Thursday, November 13, 2008


You have two cows.

You sell three of them to your publicly listed company, using letters of credit opened by your bother-in-law at the bank, then execute a debt/equity swap with an associated general offer so that you get all four cows back, with a tax exemption for five cows.
The milk rights of the six cows are transferred via an intermediary to a Cayman Island Company secretly owned by the majority shareholder who sells the rights to all seven cows back to your listed company.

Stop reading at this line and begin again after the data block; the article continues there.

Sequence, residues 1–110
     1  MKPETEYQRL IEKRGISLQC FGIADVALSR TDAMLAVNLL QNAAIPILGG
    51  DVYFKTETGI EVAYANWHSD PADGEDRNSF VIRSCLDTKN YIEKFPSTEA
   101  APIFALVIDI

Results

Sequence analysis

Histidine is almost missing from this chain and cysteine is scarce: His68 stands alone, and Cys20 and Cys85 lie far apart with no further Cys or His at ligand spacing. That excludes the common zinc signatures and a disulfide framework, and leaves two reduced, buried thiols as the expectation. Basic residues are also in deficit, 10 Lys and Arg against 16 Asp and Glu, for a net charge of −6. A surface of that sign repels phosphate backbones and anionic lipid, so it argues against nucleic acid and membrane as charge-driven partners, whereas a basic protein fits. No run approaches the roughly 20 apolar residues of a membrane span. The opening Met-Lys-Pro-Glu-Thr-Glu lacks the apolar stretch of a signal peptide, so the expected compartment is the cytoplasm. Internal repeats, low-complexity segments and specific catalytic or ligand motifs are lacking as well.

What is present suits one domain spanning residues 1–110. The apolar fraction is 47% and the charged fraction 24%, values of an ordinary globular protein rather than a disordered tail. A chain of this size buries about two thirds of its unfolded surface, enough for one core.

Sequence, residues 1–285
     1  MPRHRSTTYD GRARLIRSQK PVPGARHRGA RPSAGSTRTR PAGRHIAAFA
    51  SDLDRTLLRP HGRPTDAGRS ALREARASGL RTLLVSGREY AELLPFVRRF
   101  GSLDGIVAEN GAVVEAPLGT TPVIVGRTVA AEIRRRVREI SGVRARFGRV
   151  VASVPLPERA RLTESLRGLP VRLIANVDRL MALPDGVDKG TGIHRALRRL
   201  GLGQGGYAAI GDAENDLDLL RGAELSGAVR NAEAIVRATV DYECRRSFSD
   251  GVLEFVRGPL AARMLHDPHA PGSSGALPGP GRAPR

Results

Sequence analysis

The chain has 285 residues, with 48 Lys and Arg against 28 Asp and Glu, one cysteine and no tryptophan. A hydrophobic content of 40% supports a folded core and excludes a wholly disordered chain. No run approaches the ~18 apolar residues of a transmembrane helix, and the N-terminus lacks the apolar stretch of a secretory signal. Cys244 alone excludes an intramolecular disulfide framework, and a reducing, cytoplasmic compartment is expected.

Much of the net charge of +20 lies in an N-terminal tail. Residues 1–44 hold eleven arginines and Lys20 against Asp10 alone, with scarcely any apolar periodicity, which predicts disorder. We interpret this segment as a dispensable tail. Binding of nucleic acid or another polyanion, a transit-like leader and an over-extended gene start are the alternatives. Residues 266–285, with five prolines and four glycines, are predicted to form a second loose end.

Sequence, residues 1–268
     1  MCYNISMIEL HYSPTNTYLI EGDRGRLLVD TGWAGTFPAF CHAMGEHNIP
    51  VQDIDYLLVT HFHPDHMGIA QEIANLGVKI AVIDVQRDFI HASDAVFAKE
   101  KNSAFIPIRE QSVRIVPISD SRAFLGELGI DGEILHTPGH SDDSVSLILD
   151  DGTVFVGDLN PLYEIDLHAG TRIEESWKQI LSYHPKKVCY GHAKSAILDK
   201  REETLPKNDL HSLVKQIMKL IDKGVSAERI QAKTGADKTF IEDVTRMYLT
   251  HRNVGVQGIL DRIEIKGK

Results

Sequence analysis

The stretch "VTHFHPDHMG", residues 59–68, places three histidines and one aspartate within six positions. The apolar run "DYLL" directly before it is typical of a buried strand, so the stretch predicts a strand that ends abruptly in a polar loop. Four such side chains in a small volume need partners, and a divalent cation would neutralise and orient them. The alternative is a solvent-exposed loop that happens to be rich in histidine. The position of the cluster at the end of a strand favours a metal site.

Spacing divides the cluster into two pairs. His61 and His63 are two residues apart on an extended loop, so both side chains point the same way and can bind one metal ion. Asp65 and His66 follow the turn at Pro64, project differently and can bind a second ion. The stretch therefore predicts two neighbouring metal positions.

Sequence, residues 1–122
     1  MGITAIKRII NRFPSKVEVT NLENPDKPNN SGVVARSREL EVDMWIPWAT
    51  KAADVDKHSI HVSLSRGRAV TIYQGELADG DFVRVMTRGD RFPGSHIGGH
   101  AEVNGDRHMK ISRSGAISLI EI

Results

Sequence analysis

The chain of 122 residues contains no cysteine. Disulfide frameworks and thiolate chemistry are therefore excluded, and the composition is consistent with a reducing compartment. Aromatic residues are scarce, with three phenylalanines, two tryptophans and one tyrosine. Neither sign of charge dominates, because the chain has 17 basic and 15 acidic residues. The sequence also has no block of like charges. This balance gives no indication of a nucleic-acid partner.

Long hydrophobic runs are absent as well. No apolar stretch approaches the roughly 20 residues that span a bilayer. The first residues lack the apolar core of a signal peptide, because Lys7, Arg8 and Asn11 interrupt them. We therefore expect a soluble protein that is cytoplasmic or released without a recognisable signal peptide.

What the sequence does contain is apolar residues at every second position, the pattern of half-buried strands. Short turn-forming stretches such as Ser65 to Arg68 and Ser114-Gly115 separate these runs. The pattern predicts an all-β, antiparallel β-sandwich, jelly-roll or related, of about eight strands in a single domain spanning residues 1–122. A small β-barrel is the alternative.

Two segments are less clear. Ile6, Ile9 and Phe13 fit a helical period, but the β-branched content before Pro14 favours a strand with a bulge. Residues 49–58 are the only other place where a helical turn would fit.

The annual reports says the company owns eight cows, with an option on one more. You sell one cow to buy a new president of the United States, leaving you with nine cows.
No balance sheet provided with the release.
The public then buys your bull.

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